Furthermore, the expected reduction in unemployment rates improves the bargaining position of working people (thus reversing the tendency as a result of which one might say labour isn’t working’) and, for this reason, increases the odds of retaining growth-friendly politics. So, then, everybody is happy; people are working instead of hurling petrol bombs at the police, businessmen are selling their goods, the EU is growing in strength, and we all live happily ever after.
It seems simple, right? Unfortunately, there are some problems. Varoufakis articulately explains why social movements originating in the labour movement are so weak. It’s hard for them to be strong when there has been a race to the bottom in the labour market for many years, while investments (except in the virtual world of financial markets) are few and far between. After the Second World War (in the US a decade earlier) the trade-union movement in the Western world was on the rise: experts in Keynesian ‘demand management’ policy only offered union members a cut-and-dried notion of how to increase worker’s living standards. The industry elite were ready to accept this social contract: a fair share of the fruits of growth for workers in exchange for social peace. The deal was facilitated by the post-war solidarity of national communities, general yearning for stability and, above all, both the spectre of communism and (less spectral) Red Army tanks on the Elbe. To put it briefly: there was a theory of just how to redress capitalism, there were institutions (mass parties and trade unions) ready to fight for it, and there was the threat of an alternative, and more daunting, scenario.
Varoufakis directly alludes to this epoch. He recalls the tragic consequences of mistakes made by German social democrats and Christian democrats in the early 1930s (when budget cuts were seen as a solution to the crisis) and reminds right-wingers sceptical of the left that what is at stake today is liberal democracy itself. If you want to defend your Weimar, reform it leftwards, or the fascists will put you, and us, and our entire EU straight. This is his alternative ‘spectre of communism’; not Marx’s revolutionary utopia but the nightmare of the post-war establishment).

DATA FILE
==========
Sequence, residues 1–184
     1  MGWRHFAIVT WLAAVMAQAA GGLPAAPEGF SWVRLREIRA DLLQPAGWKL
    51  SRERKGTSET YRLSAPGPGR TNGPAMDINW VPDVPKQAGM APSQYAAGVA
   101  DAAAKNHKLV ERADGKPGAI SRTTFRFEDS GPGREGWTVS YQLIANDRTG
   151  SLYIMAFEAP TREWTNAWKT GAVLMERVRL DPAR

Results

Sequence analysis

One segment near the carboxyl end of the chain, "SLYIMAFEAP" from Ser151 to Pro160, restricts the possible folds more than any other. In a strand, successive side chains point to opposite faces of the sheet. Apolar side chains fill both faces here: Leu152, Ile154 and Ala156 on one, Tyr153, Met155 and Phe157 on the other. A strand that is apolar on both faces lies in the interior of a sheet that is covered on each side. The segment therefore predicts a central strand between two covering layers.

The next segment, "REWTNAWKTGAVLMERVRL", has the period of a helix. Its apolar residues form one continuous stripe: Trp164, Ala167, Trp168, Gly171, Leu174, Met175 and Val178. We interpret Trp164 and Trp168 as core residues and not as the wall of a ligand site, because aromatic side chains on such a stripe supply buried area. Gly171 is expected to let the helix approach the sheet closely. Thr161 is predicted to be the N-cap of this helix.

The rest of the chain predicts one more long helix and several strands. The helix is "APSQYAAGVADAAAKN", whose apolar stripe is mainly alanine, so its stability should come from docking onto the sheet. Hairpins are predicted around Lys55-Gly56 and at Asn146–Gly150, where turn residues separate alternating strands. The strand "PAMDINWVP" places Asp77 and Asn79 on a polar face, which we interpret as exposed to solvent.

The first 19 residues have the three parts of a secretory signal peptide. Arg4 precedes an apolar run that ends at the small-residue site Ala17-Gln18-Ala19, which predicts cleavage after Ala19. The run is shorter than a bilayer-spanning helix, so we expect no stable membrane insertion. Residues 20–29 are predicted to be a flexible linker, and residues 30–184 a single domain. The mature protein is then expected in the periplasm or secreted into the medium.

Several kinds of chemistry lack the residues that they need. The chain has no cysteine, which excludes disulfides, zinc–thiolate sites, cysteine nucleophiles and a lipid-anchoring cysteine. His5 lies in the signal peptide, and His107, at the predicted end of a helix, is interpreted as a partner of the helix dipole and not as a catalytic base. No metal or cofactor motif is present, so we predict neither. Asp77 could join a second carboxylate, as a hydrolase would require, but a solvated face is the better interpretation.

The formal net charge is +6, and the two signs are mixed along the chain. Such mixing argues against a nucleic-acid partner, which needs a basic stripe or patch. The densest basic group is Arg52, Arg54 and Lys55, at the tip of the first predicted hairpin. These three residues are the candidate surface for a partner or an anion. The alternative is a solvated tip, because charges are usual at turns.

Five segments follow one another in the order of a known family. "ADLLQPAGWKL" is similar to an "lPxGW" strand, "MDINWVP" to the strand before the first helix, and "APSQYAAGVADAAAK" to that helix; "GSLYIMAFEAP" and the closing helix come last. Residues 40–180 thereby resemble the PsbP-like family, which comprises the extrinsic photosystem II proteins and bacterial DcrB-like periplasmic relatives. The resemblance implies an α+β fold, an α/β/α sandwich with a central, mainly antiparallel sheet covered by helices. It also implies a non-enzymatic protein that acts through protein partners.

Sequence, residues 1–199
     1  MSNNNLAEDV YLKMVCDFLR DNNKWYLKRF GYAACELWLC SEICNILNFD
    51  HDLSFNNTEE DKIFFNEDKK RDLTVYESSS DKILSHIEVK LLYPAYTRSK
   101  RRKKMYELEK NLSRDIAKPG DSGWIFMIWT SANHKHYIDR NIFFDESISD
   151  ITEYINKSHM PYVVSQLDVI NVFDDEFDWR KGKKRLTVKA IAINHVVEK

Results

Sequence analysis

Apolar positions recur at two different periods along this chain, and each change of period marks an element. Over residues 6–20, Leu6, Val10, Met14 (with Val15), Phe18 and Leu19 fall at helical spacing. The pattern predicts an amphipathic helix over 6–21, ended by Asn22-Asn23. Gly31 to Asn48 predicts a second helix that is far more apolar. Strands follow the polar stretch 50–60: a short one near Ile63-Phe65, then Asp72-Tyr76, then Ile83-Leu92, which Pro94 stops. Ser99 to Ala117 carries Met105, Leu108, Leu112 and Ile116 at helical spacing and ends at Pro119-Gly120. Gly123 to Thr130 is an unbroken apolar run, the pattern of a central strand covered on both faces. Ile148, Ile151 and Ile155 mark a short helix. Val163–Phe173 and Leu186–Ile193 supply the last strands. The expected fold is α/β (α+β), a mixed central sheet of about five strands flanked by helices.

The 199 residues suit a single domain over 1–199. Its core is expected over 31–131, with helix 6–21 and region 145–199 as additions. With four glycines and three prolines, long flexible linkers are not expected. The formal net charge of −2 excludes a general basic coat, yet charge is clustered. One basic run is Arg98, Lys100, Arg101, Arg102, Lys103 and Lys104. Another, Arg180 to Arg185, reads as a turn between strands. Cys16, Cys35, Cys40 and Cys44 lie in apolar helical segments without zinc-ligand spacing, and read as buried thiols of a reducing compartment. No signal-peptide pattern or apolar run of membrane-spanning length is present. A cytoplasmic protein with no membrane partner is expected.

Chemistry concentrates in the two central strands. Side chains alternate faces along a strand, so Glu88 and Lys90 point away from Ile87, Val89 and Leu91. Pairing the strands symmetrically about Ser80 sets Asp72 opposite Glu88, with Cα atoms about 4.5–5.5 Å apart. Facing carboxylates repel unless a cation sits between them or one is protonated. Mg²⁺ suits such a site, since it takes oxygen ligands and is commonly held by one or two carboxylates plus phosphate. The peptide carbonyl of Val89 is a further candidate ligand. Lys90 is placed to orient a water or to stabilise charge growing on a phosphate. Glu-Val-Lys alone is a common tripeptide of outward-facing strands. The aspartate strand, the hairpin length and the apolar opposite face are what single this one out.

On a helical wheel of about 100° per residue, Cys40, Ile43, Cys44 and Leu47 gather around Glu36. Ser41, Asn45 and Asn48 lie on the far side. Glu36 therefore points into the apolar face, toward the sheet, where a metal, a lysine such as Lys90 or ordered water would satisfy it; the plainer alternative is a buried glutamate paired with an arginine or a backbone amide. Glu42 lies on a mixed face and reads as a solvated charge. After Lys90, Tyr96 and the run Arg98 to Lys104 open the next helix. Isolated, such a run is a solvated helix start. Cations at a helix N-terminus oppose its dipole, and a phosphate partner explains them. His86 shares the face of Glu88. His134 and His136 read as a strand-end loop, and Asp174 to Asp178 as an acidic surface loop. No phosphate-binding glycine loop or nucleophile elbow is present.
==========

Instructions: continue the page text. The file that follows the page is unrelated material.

It’s not certain that this spectre will be convincing, and threatening, enough. While the Brussels technocratic-liberal elites may not love Orban and Kaczyński, big business and less politically correct media will survive the possible nationalist-conservative seizure of power. Especially the ‘rational’ right, such as Marine Le Pen or Horst Seehofer, who will kick the immigrants back to the other coast of the Mediterranean Sea but they will not do any major damage to capital.
Given the weakness and disorganisation of labour (especially now, at the beginning of Varoufakis’s desired reform), the current balance of political forces doesn’t bode well for this potential movement of an incipient trans-European left.